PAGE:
Prosecution lifts lid on manager at an Auckland dairy factory who told staff to hide positive listeria results and risked damaging a vital NZ industry. Sam Hurley reports.
A top New Zealand dairy company has been ordered to pay nearly $450,000 after a former manager directed staff to conceal positive environmental listeria results for four years.
Details of the previously suppressed criminal prosecution can now be reported after court papers were released to the New Zealand Herald and the company, along with two of its ex-senior leaders, have been sentenced.
The Ministry for Primary Industries (MPI) charged Epicurean Dairy Limited (EDL), which trades as The Collective and markets a wide range of yogurt products in New Zealand and overseas.
The government department also prosecuted its former general manager and one of the company’s founding directors, Angus Allan, and Ilya Pyzhanov, a former operations manager and director.
The case came after MPI discovered EDL quality staff were directly told by Pyzhanov to not report positive environmental listeria results at the company’s Avondale factory, court documents released to the Herald reveal.
There were some 235 unreported positive results for listeria, which equated to one positive result a week for the entirety of the offending period between 2012 and 2016.
Despite no evidence suggesting any contaminated products were on the market for public consumption or affected any foreign markets, Pyzhanov’s practice facilitated the concealment of the positive listeria results.
EDL, which pleaded guilty to eight charges under the Animal Products Act, and Allan, who admitted two charges, were sentenced today in the Waitakere District Court.
The company was fined $369,000 and ordered to pay $80,000 in legal costs, while Allan was fined $54,000.
Pyzhanov, who was described as the architect of the offending at today’s sentencing, has already been convicted and fined $60,000.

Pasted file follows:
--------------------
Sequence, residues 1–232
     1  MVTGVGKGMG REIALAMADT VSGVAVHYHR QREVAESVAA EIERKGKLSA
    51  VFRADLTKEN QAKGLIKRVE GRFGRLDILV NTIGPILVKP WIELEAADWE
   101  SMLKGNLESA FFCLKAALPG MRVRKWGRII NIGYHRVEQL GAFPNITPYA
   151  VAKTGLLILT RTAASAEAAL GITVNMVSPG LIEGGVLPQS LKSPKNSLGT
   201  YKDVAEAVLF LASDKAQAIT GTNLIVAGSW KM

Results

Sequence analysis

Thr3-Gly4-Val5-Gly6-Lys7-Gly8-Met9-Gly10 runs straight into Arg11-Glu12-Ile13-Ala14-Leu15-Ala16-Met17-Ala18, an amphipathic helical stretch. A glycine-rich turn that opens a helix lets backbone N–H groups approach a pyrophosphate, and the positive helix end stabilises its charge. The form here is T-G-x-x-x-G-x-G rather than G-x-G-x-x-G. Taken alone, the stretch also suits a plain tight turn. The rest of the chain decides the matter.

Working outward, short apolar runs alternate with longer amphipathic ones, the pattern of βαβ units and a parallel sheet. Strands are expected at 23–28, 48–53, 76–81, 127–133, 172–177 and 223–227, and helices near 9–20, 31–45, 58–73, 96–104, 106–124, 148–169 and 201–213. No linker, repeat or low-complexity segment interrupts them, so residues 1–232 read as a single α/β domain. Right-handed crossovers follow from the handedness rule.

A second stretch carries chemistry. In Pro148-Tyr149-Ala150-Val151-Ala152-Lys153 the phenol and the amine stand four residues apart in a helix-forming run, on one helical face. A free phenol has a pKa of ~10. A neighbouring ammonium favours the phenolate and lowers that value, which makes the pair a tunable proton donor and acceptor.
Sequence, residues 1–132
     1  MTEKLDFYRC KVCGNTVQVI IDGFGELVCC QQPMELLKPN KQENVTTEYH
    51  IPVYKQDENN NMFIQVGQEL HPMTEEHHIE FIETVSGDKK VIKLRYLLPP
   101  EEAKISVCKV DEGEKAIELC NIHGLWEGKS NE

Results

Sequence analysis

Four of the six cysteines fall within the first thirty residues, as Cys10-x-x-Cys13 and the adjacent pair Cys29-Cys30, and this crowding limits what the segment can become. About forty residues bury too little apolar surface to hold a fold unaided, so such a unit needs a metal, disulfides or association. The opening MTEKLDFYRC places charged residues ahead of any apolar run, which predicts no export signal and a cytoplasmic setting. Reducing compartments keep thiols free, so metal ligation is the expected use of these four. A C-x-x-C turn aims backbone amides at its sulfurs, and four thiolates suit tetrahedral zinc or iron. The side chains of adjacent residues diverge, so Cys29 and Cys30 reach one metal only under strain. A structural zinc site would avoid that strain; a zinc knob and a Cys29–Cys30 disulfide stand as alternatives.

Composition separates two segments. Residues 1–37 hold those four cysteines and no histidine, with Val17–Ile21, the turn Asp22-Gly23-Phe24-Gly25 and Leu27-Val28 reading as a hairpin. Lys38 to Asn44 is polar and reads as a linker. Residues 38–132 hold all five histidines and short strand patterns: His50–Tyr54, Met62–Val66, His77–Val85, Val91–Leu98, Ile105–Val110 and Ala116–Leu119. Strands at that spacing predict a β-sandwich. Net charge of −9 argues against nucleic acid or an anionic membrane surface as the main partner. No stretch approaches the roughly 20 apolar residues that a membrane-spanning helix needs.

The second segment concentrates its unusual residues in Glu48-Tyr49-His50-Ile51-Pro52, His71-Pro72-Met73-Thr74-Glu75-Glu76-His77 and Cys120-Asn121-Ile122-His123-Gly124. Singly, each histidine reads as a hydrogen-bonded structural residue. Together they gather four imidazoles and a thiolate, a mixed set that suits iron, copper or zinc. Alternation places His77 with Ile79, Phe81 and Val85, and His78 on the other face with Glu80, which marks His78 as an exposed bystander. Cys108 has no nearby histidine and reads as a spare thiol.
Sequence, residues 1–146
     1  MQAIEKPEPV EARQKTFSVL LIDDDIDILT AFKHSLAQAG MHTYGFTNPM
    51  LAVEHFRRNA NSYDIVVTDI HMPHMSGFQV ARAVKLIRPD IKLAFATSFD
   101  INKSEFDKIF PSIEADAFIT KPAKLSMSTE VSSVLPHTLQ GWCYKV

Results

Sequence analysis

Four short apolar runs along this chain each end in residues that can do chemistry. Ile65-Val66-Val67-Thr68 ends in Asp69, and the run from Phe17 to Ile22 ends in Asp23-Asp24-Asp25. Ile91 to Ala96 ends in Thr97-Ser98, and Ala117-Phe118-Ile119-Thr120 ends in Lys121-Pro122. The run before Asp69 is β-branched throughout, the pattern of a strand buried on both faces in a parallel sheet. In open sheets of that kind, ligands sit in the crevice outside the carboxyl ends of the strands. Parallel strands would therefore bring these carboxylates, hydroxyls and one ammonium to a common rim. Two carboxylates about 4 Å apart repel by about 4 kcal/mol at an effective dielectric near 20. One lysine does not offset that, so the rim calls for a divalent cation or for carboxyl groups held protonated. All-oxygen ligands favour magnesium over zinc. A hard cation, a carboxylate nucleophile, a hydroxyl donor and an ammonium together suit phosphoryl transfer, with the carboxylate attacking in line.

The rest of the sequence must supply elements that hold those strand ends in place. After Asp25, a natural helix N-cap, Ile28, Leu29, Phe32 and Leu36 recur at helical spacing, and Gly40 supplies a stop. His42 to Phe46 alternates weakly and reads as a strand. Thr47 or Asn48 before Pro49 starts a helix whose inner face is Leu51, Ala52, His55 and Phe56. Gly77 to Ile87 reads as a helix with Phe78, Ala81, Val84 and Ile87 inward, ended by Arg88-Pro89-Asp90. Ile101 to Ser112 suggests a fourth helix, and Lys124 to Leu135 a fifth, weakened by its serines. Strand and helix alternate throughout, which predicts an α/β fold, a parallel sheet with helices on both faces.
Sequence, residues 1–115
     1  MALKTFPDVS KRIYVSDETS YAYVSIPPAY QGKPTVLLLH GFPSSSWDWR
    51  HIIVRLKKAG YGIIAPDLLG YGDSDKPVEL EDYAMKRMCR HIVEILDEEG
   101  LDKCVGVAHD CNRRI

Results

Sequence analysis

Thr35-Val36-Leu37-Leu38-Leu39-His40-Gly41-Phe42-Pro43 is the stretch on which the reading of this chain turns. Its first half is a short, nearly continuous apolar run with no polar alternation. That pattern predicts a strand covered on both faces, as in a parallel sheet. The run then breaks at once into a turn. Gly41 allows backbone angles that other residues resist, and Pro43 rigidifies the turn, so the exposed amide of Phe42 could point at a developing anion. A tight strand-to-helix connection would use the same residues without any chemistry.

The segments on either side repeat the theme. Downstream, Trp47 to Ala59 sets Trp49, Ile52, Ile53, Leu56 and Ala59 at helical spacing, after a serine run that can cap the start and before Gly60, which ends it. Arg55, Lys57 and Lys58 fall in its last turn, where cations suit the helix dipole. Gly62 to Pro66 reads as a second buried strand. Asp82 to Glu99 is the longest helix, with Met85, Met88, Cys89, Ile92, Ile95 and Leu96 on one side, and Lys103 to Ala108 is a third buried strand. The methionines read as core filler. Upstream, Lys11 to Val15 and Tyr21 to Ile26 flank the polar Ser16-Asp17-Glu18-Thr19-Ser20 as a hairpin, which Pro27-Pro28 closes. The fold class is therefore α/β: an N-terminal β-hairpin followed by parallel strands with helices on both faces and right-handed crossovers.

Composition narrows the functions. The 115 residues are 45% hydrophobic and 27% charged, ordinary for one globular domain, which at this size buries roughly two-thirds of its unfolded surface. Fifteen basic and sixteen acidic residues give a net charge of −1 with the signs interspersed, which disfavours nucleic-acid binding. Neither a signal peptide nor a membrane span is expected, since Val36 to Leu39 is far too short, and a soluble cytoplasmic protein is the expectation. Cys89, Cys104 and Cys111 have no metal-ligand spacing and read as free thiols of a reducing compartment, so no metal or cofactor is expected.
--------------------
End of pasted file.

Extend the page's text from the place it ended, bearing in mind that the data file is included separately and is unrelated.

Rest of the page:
He was fired from EDL in November 2016 when EDL was placed under notice by MPI and was also removed as a director of the company and ceased to hold any shares.
As operations manager, Pyzhanov was in charge of the production and quality-control teams, which reported to him. He was also on the company’s senior leadership team and the EDL board.
Because listeria is prevalent in the dairy industry, a rigorous testing and reporting regime is required under the Animal Products Act and EDL operated under a risk-management programme (RMP).
Allan, a chef with experience in business development focusing on food products, was listed as the “responsible person” of the RMP, while Pyzhanov was the “designated day-to-day” manager and responsible in Allan’s absence.
As general manager, Allan – also an EDL shareholder – was responsible for several teams and was the head of the senior leadership team and a member of the EDL board.
In August 2013, after receiving several positive results for listeria during the previous year – which were not reported – some staff requested a meeting with Allan as further positive results were detected.
They sought permission from Allan to report the positive results, which Allan agreed with, court papers read.
There are several species of listeria but only the bacterium listeria monocytogenes is considered harmful to humans and can cause serious infection, disease, harm pregnant women, and in a vulnerable person even result in death.
A positive result for listeria monocytogenes at EDL’s factory was reported on August 9, 2013 to the company’s regular auditor Eurofins New Zealand, which is a recognised agency and approved by MPI to conduct diary RMP audits.
EDL was told to take corrective actions, including placing product on hold.
However, from mid-2013, EDL staff under Pyzhanov’s direction had instructed the Eurofins lab to separate positive environmental listeria results from negative results and to also provide them separately.
On 32 occasions between June 20, 2013 and April 18, 2016 the quality team at EDL was supplied with certificates of analysis wherein the positive and negative results were recorded on separate certificates, court documents read.
This practice led to the concealment of the positive results, court papers read.